A: I have always created my own concepts and events in order to make the opportunities that I wanted to spin. Some particularly memorable ones for me were the Love Revolution parties at Joe’s Pub, Tag at the original Halcyon on Smith Street, and Raw Fusion (the NYC edition of ‘Mad’ Mats Karlsson’s party and record label from Stockholm) at APT. There was a period of time where I strayed from the vinyl path altogether and played all of my gigs with CDs and later Serato. During those years, I wasn’t totally aware of what I was missing, but I felt that something was different. One time, I was invited to play a short guest set at a friend’s party in New York. Because I didn’t need to bring much music with me, I decided to pull out some records. Even before I played them, it was a sweet reunion. Just taking my records from the shelf, holding them in my hands, and looking at them brought back so many good memories. And playing them that night at the party reminded me how much better they sounded to me, and how my creativity as a dj was more alive with them. I decided then that I needed to find a way to experience that more often. But I, and all my dj friends, had gotten spoiled by being able to go to the club with one small, relatively light, bag. The days of carrying six milkcrates down and back up four flights of stairs felt like something I couldn’t go back to. But I figured that if enough djs played together, we wouldn’t have to bring more than a small bag of records each. And the idea for I Love Vinyl was born. It took a couple years of finding the right djs and the right venue before the party actually got off the ground in May of 2009 at Le Poisson Rouge, with an incredible team. Amir (of Kon & Amir), Ge-ology, The Twilite Tone, OP!, Jon Oliver, and myself. It’s still the six of us, and we are still at LPR every month.
This is me looking at George Duke’s “The Aura Will Prevail”, on MPS, which contains the amazing “For Love (I Come Your Friend)” which MF Doom sampled for “I Hear Voices” on “Doomsday”, and which was recently covered by Thundercat. Duke and the band were clearly tripping their asses off when they made (and named) this tune.
Q: Why was it important for you to raise the vinyl flag here?
A: For me, it was more about getting back to basics, back to my roots, and the idea that if that was important to me that it would be important to some other people too. Sort of like the idea that we all can’t live without the convenience of texting and facebooking each other all day, now, but there’s something infinitely more real and rich about having some people over to your house for dinner.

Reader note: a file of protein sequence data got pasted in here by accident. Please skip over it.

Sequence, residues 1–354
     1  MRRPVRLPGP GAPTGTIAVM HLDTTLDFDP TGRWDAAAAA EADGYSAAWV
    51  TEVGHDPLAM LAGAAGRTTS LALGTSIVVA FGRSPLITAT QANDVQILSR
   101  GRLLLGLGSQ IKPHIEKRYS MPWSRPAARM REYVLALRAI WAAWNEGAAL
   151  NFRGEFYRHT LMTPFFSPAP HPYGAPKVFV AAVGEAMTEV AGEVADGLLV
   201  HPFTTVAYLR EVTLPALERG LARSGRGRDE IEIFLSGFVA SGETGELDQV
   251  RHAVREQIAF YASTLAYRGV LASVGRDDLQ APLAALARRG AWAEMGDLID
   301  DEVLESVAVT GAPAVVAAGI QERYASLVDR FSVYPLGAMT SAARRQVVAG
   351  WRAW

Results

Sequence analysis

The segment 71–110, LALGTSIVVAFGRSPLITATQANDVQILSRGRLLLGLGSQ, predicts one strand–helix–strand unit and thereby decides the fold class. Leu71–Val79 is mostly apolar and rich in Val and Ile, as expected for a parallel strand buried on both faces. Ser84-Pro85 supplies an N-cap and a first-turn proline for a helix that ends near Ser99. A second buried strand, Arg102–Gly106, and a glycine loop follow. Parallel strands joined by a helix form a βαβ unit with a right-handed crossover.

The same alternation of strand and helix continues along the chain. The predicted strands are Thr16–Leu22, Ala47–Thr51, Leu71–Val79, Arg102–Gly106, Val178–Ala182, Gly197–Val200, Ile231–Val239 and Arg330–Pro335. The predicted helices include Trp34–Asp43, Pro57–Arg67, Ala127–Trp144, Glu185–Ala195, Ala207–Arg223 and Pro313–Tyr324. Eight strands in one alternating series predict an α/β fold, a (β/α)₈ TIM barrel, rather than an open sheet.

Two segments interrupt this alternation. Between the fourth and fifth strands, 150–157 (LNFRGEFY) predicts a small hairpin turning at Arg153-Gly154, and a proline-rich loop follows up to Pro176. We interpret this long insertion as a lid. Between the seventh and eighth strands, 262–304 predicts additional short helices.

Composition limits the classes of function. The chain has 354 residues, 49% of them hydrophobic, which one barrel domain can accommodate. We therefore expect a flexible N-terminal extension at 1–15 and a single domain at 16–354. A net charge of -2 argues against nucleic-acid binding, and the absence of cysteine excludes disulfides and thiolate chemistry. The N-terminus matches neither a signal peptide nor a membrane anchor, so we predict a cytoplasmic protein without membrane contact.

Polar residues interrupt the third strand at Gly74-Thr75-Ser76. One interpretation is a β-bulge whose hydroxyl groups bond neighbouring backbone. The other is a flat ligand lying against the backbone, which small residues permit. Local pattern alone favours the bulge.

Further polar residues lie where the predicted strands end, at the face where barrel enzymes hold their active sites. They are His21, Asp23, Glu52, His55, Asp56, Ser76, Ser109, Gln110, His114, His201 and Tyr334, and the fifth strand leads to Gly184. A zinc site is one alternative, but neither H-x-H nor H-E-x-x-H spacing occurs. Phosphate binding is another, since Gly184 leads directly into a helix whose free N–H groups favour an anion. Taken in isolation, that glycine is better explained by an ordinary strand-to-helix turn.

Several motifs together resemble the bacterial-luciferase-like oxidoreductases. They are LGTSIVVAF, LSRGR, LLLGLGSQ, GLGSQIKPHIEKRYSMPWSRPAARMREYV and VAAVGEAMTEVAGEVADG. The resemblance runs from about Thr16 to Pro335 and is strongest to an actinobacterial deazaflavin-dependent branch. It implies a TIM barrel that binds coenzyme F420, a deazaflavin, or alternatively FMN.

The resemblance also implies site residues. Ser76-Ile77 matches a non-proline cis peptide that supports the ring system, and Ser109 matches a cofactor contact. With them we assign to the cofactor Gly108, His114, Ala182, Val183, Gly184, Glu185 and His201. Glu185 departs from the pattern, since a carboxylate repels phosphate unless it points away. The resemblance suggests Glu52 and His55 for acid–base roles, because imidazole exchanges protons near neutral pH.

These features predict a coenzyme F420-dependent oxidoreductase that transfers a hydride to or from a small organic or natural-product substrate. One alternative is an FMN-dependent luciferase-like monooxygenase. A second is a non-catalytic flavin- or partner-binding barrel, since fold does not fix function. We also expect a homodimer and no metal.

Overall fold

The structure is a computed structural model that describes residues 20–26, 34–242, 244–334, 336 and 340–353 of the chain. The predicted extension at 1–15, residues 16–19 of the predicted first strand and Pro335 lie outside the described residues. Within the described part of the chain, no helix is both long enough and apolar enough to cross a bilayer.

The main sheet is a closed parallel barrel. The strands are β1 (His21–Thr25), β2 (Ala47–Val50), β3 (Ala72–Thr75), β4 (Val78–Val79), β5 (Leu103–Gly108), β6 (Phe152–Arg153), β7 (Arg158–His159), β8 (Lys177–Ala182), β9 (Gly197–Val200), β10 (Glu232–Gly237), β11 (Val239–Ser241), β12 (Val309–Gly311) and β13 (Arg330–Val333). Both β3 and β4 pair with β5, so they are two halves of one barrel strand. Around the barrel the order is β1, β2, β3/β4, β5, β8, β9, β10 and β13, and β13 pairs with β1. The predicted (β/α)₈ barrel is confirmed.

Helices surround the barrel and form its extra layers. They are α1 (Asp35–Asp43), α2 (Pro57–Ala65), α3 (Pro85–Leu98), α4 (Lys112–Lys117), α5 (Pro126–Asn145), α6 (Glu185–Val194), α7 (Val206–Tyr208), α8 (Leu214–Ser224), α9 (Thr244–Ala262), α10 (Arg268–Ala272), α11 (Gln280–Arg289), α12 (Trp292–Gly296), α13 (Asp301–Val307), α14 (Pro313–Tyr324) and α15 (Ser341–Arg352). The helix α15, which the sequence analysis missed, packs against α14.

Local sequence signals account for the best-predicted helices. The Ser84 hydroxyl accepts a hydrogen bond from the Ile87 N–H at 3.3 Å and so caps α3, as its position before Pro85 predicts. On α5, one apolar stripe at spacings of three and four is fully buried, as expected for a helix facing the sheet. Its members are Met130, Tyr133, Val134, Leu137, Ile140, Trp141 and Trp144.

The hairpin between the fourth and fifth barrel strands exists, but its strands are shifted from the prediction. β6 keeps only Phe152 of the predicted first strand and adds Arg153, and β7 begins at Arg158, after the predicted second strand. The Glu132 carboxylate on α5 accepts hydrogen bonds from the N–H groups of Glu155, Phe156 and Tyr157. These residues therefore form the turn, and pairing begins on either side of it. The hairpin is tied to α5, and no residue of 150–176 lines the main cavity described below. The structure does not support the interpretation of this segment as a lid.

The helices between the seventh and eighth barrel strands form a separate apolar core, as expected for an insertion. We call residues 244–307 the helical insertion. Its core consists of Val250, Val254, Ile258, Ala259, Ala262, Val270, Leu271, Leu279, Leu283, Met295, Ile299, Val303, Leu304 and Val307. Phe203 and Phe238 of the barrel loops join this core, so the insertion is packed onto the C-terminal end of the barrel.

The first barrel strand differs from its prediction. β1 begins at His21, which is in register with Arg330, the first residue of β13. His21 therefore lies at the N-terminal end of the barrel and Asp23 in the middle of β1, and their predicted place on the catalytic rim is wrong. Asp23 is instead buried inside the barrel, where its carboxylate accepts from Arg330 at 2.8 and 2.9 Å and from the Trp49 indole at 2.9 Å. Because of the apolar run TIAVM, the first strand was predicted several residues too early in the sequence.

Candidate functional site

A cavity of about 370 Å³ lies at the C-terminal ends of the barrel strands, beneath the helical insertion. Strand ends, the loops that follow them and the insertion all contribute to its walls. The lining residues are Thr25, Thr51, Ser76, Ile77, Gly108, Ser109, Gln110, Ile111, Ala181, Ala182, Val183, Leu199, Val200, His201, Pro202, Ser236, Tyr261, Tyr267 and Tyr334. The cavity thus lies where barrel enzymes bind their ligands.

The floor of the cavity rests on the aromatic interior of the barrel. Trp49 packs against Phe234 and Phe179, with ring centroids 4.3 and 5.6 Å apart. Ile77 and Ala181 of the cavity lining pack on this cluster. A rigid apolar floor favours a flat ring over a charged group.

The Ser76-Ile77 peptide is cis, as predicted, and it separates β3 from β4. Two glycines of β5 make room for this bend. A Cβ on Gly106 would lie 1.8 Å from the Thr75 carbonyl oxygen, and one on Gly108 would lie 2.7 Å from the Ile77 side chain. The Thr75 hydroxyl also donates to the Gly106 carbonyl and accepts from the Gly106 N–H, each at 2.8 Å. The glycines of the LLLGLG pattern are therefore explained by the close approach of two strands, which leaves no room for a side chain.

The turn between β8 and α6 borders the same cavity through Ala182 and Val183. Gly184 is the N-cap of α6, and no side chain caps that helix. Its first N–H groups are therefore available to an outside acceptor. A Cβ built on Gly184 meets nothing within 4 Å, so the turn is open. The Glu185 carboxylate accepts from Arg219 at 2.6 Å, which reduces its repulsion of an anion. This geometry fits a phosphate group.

Q: So vinyl is the only format allowed? not even Serato?
A: Uh, yeah. Mainly because the name I Love Vinyl But I Also Fancy A Couple Dabs Of Serato Here And There doesn’t roll off the tongue in the same way. Seriously, hell no. It’s a vinyl party. We play vinyl. That’s it. But we’re not haters or luddites. I have a huge CD collection (which probably does make me a luddite, at this point), and I download music too. It depends on the purpose. I prefer vinyl for the sound, and especially for the creative process of putting together an improvised dj set. But I am not a purist. I Love Vinyl is pure, though. 100%
This is one of my most treasured 12”s. It’s Imagination and has “Burning Up (Dub)” on the b-side, a proto-house record, if I’ve ever heard one. It’s a record I play often. Always slays the dancefloor.
This is The Detroit Emralds’ “I’m In Love With You” on Westbound. It has “You’re Getting A Little Too Smart” on it, which opens with the famous drum break, perhaps most famously sampled in “Looking At The Front Door” by Main Source.
Q: When the ILV DJs come to a gig, they can only carry a limited amount of music. Do you think the physical limitations of it promotes creativity?
A: Absolutely, I do. That was one of the main difficulties for me with playing Serato, or even CDs. You can carry too much music. Even if you have it very well organized, it can be overwhelming. Imagine being a painter and mixing ten thousand colors on your palette before you begin to paint. It’s an impediment to the painting, to the creative process. I am a firm believer that limitations, by definition, inspire creativity. The less you have to make something with, the more you have to use your imagination to figure out how to make it.
A heart-shaped 7” of the great Bobby Caldwell’s “What You Won’t Do For Love”. “The single that gets to the heart of the matter” as it says on the cover.
Q: Do you think the ILV fans are really into vinyl? or maybe vinyl acts more like a status for quality music that draws quality fans?
A: I think our crowd is there for a wide variety of reasons, but I think the quality and variety of the music, and the passion and ability of the djs, are the most important. Some people who come are vinyl-heads. But for others it is just a signifier that tells them this is not something mainstream. Some people think that because it’s all-vinyl we are only going to play Funk and Soul breaks from the 70s, or that it’s a retro movement. But we play current music too, and make it all cohesive and relevant.
This has “Heaven Of My Life” on the b-side. Monster bassline. I’ve never heard anyone else play it, and it’s definitely lesser known than their classics like “Searching”, “Hold Tight” or “The Glow of Love”. But people always come up and ask about this one when I play it. I think I was holding my nose because we were talking about how bad the jacket design is.
Q: Lately, it seems like vinyl has become a strong commercial symbol for the younger generation. It’s ‘cool factor’ is being used, sometimes in a really awful and cynical way, by ad agencies and corporations to sell products that have nothing to do with music. what are your thoughts about that?